Page Bleeds, continued

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Color Fill

If an image or graphic element has a similar or consistent color, than you can add an area of solid color to use for the bleed. Simply sample a common color with the Eye Dropper tool, or by using the Info palette and add this color to your swatch palette, extend the crop box of the image to accommodate the needed bleed area, and then fill the extended area with your newly selected color. Even though this isn’t a perfect situation, it is better to have a color on the edge, than to potentially have a visible white area once the printer has trimmed the printed piece.


Another more advanced technique to create a bleed area is to use the clone tool in most bitmap editing programs like Adobe Photoshop®. You will need to enlarge your canvas on the side that needs the bleed area added then using the clone tool, duplicate the pixels along the bleed edge. This technique is not the easiest, but as you can see in the examples below, Bleed_Clone-House_Before and Bleed_Clone-House_After the added area blends nicely.

As you can see from the above examples, some techniques for adding bleeds can alter the design layout of a project. In this case, the print client will either approve what the printer has altered or submit files to the printer with the necessary bleed area completed as he chooses. Most commercial printers routinely pull needed bleeds in print projects. This is a fairly simple adjustment if there is enough image area to accommodate this adjustment, so you may not receive any extra charges. However, for the more extensive work that we described above, you might receive an alteration charge that could be more than you expect. If you intend to make finished files for press-ready PDFs, or to submit your files to an offset printer without incurring alteration charges, than you will want to consider adjusting your own bleeds.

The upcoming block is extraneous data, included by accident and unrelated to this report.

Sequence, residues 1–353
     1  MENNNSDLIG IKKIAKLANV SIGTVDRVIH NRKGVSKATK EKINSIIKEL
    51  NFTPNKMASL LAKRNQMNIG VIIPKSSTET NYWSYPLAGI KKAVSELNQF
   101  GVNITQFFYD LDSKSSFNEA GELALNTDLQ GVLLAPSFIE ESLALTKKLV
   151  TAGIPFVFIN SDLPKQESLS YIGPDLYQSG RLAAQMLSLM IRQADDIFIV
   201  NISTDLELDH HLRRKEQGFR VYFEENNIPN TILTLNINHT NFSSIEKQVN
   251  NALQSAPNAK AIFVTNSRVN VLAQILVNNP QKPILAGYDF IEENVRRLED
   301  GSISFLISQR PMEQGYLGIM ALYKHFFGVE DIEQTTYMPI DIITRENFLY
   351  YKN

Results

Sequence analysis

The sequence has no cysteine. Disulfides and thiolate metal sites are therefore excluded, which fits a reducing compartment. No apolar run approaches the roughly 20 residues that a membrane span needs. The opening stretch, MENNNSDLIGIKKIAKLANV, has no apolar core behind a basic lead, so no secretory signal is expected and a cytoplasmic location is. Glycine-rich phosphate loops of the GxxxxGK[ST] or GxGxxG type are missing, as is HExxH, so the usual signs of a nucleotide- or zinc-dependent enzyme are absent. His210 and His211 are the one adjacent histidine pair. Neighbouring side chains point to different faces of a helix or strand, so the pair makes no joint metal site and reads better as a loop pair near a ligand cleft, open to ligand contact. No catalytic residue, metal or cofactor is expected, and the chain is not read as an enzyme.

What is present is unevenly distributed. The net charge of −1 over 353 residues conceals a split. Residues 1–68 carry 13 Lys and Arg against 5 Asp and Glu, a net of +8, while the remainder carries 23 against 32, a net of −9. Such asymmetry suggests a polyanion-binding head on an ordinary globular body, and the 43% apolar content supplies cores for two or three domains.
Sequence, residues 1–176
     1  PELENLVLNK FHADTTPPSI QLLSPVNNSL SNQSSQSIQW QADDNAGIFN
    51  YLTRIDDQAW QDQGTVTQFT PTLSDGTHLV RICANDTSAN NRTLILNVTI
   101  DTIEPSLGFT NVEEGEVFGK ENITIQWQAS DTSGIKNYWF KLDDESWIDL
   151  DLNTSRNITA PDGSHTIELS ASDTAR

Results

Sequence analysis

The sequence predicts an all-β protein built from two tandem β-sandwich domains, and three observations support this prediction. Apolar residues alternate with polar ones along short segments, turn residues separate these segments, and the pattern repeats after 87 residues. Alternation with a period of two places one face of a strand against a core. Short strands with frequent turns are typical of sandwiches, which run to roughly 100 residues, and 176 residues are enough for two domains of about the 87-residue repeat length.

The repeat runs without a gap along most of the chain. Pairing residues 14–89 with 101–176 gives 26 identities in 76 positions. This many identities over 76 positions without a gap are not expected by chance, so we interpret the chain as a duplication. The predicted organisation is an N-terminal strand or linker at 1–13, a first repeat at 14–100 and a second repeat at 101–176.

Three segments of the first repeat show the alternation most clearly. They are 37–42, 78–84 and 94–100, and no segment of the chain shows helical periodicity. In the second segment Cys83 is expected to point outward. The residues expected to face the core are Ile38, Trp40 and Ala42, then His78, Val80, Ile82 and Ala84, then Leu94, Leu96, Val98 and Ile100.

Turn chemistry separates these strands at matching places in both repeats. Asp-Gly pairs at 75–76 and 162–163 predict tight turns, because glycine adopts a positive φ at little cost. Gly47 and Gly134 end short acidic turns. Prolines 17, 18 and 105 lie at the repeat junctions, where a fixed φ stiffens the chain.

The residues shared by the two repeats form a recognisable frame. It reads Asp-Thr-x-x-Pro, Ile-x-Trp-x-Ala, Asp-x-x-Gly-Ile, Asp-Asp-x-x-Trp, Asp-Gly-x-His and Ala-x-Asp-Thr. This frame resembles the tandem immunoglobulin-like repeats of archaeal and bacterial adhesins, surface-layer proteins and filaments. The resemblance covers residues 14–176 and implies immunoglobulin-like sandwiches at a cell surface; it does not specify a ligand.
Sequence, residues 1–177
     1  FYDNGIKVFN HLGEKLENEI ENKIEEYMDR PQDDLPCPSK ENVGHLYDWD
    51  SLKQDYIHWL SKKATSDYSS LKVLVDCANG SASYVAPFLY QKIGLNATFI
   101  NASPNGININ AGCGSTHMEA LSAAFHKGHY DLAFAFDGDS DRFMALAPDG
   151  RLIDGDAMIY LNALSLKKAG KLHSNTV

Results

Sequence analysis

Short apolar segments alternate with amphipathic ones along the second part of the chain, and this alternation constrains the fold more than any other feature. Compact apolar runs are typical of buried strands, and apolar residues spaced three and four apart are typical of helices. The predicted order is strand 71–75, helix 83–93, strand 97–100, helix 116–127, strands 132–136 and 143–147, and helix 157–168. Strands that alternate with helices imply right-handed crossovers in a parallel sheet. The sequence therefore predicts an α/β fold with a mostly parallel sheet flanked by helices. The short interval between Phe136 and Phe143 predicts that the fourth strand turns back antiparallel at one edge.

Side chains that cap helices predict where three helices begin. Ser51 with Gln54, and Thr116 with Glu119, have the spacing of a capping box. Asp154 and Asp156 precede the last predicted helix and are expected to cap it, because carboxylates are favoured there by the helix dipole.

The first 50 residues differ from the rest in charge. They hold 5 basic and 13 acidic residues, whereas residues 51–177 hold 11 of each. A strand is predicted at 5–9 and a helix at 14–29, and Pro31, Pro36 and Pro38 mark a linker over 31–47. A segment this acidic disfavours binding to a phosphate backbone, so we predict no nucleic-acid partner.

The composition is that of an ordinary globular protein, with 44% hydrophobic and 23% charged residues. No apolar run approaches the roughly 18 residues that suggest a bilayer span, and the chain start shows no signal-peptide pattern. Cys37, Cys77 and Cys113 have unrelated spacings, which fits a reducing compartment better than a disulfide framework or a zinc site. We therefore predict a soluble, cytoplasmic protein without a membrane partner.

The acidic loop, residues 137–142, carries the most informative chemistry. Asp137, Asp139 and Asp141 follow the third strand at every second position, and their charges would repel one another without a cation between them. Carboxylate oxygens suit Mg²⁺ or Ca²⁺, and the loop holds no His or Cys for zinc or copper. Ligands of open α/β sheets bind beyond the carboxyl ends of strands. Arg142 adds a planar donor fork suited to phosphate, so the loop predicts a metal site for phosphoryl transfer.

Article resources: Page Setup Considerations at

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